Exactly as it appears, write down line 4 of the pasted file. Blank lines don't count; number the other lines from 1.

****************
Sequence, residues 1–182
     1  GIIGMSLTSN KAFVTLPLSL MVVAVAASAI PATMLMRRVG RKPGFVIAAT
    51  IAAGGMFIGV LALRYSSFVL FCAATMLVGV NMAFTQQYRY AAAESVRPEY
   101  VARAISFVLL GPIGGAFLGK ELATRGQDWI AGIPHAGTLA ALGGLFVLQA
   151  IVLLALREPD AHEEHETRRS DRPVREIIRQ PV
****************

   101  VARAISFVLL GPIGGAFLGK ELATRGQDWI AGIPHAGTLA ALGGLFVLQA